Friday, December 31, 2010

Birthdays and a baffling case of macho-nucleosis


By WARREN MILLER

I received an e-mail from my old friend Bruce Barr. He divides his time between fishing in British Columbia, golfing and working out in Borrego Springs, Calif., and skiing in Sun Valley.

He was complaining about a friend who suffers from a near terminal disease he calls macho-nucleosis. I'd never heard of this disease. So I went to my library of books about skiing, geology, oceanography and life in the old days in Montana and other fields of interest that I have.

One of my favorites is "Artificial Joint Replacement for Beginners." It was stored right alongside a rare copy of "Is Skiing Here To Stay?" I thumbed through both and found nothing about the disease. I almost overlooked my copy of "Post Operation Behavioral Modification" where I finally found a clear definition of macho-nucleosis.

"It is most frequently found in athletes who try to ignore their birthdays. They have to be first in any athletic endeavor in which they are involved. They have the symptom of knowing the least about what they're talking about and talking the loudest about it."

< "If they are a macho skier or snowboarder, they will always have to be the first one to the bottom of the hill. If they're a macho-nucleosis surfer or windsurfer, they will have to be the first one in the water when the wind comes up and the last out as darkness nears. At night when the bragging gets louder they will have ridden the biggest wave of the day, no matter what beach they surfed."

As a triple-digit golfer experienced in searching for lost balls, I can hear them over my shoulder hollering, "Do you mind if we play through?" When the foursome of macho-nucleosis golfers begins to catch up, you can smell them long before they arrive because they smoke big black cigars. They also carry big, expensive and heavy leather golf bags with the name of the clubs they use written in letters you can read from some distance.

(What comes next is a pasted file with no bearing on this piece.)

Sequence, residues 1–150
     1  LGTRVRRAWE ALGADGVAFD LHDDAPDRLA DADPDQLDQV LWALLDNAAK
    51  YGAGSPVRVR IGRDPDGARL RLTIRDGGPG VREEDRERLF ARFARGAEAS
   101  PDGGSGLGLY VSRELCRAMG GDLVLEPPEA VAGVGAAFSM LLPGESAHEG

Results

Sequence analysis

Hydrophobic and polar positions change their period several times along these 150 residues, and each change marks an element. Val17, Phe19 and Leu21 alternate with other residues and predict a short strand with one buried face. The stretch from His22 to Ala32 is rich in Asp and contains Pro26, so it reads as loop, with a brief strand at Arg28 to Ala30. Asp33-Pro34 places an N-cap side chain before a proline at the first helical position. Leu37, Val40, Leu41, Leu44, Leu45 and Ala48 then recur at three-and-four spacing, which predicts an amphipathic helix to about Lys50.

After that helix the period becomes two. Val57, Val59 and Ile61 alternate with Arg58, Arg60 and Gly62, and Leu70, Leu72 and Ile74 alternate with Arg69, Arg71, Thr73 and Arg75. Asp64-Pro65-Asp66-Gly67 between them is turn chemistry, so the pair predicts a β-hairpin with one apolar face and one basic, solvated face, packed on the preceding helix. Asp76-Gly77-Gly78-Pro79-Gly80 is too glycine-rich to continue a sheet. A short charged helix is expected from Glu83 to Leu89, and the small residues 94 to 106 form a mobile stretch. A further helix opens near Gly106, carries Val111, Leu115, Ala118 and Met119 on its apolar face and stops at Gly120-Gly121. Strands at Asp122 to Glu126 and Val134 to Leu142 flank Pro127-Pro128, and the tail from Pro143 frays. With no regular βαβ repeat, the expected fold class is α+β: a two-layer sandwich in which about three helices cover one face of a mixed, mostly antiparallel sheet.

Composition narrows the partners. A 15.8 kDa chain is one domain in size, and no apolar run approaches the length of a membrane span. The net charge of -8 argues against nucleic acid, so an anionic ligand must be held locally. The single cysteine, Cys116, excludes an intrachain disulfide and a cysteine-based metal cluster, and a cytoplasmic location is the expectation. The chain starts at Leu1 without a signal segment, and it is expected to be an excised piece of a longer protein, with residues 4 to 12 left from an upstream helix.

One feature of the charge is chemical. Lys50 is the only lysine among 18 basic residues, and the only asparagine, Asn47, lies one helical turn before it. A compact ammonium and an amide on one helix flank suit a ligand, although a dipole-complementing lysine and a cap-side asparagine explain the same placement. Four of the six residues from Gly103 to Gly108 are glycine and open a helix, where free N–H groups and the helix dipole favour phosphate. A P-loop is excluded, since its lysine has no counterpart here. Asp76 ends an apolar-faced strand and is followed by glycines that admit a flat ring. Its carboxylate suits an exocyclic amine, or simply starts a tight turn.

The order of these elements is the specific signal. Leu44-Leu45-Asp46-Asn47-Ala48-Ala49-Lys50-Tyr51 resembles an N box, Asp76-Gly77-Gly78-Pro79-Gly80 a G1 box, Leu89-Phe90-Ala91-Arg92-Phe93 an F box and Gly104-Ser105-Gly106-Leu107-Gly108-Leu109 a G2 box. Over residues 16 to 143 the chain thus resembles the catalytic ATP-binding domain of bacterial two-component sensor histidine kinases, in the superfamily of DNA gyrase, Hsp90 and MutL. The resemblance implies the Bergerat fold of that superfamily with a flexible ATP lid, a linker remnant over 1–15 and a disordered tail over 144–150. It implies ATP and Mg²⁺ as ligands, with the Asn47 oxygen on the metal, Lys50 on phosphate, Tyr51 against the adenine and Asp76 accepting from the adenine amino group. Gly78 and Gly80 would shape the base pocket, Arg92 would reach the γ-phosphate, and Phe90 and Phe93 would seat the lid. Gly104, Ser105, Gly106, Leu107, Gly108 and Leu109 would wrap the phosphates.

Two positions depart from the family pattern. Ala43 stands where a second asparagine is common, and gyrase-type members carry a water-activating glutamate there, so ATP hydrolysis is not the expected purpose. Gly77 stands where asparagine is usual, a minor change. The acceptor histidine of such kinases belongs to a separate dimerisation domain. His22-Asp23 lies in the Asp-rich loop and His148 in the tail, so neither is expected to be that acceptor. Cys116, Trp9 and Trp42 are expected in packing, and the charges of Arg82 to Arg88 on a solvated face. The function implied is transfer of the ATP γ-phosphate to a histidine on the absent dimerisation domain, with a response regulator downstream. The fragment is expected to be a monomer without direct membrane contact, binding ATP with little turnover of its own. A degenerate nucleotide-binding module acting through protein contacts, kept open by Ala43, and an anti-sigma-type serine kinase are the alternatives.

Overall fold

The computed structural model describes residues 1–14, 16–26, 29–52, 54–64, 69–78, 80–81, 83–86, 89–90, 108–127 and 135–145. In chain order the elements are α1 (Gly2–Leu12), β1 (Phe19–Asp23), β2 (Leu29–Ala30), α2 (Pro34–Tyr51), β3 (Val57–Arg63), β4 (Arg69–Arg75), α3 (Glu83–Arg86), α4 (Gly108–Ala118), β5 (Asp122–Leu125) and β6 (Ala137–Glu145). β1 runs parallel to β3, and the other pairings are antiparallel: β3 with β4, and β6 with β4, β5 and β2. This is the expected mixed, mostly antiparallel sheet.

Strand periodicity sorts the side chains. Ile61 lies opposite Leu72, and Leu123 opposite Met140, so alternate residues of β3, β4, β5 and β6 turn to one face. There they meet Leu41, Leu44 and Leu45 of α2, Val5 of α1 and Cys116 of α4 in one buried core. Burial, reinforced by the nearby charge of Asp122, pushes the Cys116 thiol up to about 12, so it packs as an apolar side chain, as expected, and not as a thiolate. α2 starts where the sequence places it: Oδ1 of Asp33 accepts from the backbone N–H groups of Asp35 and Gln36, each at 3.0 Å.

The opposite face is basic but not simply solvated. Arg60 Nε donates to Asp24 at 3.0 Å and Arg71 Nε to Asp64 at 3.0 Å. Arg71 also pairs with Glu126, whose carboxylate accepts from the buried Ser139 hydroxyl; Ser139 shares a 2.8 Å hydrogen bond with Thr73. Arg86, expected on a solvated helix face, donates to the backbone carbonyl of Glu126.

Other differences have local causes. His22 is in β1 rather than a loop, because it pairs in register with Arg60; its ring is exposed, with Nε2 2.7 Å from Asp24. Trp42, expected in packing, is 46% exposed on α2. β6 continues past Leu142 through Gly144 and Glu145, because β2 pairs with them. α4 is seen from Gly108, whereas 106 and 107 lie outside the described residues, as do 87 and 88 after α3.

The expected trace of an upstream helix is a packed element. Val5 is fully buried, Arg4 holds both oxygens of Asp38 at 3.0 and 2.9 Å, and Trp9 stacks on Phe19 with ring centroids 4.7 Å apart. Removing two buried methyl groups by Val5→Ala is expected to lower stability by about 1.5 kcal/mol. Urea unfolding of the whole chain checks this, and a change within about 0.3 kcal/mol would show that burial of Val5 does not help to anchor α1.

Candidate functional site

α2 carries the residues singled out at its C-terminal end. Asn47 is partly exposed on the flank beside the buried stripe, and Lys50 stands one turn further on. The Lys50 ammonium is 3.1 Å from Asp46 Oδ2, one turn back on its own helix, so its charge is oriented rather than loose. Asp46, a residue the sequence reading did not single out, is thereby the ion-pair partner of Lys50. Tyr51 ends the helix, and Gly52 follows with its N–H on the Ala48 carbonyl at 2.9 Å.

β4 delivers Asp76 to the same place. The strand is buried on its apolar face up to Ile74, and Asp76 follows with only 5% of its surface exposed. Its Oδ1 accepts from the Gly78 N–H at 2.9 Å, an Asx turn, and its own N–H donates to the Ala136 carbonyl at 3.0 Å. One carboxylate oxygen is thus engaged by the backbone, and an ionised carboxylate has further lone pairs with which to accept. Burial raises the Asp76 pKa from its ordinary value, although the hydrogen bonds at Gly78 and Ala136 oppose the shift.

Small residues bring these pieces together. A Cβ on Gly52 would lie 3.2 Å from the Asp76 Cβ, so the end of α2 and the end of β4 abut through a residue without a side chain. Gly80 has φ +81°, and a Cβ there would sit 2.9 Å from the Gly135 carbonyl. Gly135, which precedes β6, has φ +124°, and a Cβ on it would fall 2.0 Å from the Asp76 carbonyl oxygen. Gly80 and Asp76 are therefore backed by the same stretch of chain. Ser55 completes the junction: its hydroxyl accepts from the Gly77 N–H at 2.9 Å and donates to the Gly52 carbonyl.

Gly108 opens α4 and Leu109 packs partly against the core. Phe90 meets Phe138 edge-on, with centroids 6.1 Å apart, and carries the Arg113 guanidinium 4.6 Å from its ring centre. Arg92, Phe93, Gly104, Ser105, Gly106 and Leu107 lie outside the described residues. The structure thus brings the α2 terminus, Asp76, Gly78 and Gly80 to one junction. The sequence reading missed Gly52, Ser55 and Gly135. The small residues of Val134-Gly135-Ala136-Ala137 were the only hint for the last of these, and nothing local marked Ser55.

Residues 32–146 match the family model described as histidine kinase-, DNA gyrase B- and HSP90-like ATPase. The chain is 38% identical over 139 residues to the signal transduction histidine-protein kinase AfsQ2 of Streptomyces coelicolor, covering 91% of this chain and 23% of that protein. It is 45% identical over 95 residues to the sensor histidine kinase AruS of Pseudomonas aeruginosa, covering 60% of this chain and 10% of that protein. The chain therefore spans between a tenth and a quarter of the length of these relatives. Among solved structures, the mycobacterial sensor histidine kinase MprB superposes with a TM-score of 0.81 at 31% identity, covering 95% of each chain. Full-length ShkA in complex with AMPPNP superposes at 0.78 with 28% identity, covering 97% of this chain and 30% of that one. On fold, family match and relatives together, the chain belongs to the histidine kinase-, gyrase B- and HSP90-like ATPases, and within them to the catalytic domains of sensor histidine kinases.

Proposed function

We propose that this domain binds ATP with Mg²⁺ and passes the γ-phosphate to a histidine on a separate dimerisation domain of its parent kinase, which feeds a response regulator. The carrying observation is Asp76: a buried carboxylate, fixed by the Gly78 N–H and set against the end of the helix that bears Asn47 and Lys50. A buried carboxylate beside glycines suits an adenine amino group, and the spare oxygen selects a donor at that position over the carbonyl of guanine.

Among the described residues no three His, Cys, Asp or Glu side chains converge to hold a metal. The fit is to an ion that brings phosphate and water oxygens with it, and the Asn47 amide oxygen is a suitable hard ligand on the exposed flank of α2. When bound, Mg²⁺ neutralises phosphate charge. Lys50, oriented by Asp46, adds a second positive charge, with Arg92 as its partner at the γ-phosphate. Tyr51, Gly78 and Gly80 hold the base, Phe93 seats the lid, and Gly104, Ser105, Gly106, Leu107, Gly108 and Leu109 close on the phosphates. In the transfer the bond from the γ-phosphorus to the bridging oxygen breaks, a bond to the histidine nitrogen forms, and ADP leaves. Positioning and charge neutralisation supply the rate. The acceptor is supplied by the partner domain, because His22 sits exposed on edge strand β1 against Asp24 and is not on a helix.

Macho-nucleosis sufferers will drive the biggest pickup truck in the Costco parking lot. If he has made a lot of money in whatever he does or did for a living, he might be driving a yellow or red Humvee while wearing a matching colored parka. He will make his spousal equivalent, which sometimes might be his wife, go inside and do the shopping. His vehicle will have a vanity license plate or bumper sticker that says things such as Skier, Snowboarder, Honk if You Like Tno Bowl, Surf for Jesus or other such inspirational messages.

One unfortunate side effect of macho-nucleosis is a continuing case of bragging about how he can still beat his kids down the hill on a powder day. That's where I draw the line—two of the proudest days of my life were when I could no longer keep up with my children on the side of a mountain. The other day was when I watched them do things surfing that I was already too old to try to do.

Any macho-nucleosis sufferer will always say, "I can ski, surf, play golf or whatever as well at 40 as I could when I was 20." All I can say about that is, "If this is true you were sure lousy at 20." Get used to it! Birthdays are not only numbers. Each takes away some percentage of your coordination no matter how bad you suffer from macho-nucleosis.




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